International Steel Mills

'Too Early' to Assess Impact of Sanctions on Evraz: CEO

Written by Michael Cowden

Evraz does not expect to be hit by sanctions aimed at Russian banks and political elites after the country’s invasion of Ukraine, company executives said.

But the situation is changing quickly, and it’s too soon to draw any firm conclusions, they said.

Evraz“We believe it (sanctions) will not have a significant effect on the company,” Evraz CEO Aleksey Ivanov said.

But “it is too early … to talk about it,” he added. “The sanctions were announced just very, very recently. And we need significantly more time to analyze and find what’s the right way forward for us.”

Ivanov made the comments during Evraz’s fourth-quarter earnings conference call on Friday.

Evraz has more than $1 billion in cash and cash equivalents on its balance sheet. Most of that money is held by Russian banks, former CEO Alexander Frolov said on the call.

Russia invaded Ukraine last week. The U.S., the European and other allies such as Japan and Australia have reacted by imposing sanctions that target not only Russian financial institutions but also exports of key components such as semiconductors.

Many countries have also told their citizens to leave Russia because their airspace is being closed to Russian airlines and because airlines from other nations are halting air service into and out of Russia.

Russia’s attack on Ukraine and its far-reaching consequences overshadowed an otherwise stellar year for Evraz.

The steelmaker recorded a profit of $3.1 billion in 2021, more than triple the $858 million the company earned in 2020 on revenue that rose 43% year-over-year to $13.2 billion.

That strong headline result was underpinned in part by a solid showing from the company’s North American steel operations. Also known as Evraz NA, they consist primarily of a plate mill in Portland, Ore., oil country tubular goods (OCTG) and line pipe mills in Canada, and a long products mill in Pueblo, Colo. The latter also makes steel rails.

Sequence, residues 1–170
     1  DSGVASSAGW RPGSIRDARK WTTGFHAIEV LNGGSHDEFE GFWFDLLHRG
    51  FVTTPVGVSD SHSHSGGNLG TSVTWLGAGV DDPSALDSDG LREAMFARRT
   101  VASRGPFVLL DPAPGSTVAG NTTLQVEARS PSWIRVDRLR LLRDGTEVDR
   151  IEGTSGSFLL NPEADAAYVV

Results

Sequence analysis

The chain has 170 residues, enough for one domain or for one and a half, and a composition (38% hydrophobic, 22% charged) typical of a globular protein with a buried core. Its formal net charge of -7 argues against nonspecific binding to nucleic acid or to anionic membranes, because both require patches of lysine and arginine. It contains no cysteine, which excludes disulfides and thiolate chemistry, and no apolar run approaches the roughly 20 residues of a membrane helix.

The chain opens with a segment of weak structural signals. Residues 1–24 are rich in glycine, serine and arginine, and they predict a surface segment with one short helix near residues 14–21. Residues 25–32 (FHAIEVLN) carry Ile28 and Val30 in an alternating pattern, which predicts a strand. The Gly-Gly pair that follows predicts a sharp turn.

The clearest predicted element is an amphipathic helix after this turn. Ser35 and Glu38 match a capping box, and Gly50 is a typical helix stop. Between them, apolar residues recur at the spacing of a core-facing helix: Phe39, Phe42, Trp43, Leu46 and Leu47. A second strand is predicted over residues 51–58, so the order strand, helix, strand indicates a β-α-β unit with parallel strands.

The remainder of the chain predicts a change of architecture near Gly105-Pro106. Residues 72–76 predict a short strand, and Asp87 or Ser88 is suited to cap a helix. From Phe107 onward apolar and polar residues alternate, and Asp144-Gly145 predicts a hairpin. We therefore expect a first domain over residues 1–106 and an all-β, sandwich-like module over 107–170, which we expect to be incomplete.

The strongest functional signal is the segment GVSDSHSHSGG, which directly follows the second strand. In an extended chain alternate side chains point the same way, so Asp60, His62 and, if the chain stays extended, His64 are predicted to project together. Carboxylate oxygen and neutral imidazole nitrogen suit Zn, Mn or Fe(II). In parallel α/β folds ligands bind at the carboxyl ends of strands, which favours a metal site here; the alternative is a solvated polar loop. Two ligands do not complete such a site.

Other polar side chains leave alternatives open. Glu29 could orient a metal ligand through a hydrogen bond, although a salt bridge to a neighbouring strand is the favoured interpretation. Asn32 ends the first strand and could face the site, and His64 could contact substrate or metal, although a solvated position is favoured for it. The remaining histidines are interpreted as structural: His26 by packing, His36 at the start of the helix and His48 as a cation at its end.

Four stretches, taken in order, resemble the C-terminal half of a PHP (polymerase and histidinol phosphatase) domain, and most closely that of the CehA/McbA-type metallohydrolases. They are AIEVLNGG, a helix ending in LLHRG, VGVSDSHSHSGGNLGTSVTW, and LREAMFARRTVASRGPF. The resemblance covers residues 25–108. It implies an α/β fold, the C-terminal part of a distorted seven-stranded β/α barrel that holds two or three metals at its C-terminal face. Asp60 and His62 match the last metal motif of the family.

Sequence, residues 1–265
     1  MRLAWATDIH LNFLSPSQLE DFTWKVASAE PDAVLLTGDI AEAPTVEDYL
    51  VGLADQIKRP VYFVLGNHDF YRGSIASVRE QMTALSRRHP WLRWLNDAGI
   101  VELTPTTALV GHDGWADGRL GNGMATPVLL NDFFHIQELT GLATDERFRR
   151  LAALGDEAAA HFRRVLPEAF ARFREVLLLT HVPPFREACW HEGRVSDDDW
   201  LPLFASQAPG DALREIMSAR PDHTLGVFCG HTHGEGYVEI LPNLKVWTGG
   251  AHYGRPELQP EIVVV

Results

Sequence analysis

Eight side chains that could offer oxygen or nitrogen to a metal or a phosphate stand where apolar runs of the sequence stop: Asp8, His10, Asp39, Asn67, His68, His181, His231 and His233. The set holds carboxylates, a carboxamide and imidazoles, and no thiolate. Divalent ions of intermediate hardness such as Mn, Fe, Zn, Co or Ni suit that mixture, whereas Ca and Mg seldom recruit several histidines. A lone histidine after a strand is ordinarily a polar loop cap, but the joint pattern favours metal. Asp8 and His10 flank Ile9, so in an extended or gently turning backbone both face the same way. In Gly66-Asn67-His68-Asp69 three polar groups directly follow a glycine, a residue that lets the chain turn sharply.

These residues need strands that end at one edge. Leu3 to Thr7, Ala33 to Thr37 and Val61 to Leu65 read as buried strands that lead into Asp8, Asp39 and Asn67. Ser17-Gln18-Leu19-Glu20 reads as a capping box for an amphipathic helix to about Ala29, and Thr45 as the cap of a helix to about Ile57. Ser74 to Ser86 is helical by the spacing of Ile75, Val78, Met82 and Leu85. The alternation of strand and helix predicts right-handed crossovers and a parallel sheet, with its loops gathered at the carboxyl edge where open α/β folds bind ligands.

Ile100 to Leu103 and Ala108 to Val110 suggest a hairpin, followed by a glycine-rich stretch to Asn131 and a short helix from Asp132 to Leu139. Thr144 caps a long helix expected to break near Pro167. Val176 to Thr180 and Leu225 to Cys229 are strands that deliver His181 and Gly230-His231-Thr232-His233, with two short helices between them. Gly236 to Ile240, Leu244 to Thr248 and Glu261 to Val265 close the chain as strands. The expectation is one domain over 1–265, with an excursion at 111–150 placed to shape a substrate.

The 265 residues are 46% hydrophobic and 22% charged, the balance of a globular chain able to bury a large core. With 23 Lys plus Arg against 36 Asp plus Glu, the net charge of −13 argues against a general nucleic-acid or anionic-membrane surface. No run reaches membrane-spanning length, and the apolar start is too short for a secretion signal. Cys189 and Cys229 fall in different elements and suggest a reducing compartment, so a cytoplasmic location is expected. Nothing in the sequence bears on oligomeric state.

The North American division recorded a gross profit of $489 million in 2021, more than double $175 million in 2020 on revenue that increased 32% year-over-year to $2.2 billion.

Those gains came despite overall sales volumes slipping 2.9%, with a sharp increase in plate sales not enough to offset decreased sales of tubular and railway products.

The trend of strong plate sales and weaker OCTG volumes has shown signs of reversing in 2022, Evraz executives said on the call.

“We see a very strong demand on the tubular side for North America, especially in the OCTG segment. It will be better than the last year,” Ivanov said. “However, on the flat product side, we see some softening in demand in the first quarter of this year.”

U.S. steel prices in general are “still strong,” he added.

Steel Market Update prices plate but does not price OCTG. Plate prices stand at $1,805 per ton ($90.25 per cwt), roughly flat from $1,795 per ton at the beginning of the year and up 69% from $1,070 per ton in late February of 2021, according to SMU’s interactive pricing tool.

One more bit of news on North American operations: Evraz said its solar-powered rail mill in Pueblo is expected to begin production in 2023.

By Michael Cowden,

Michael Cowden

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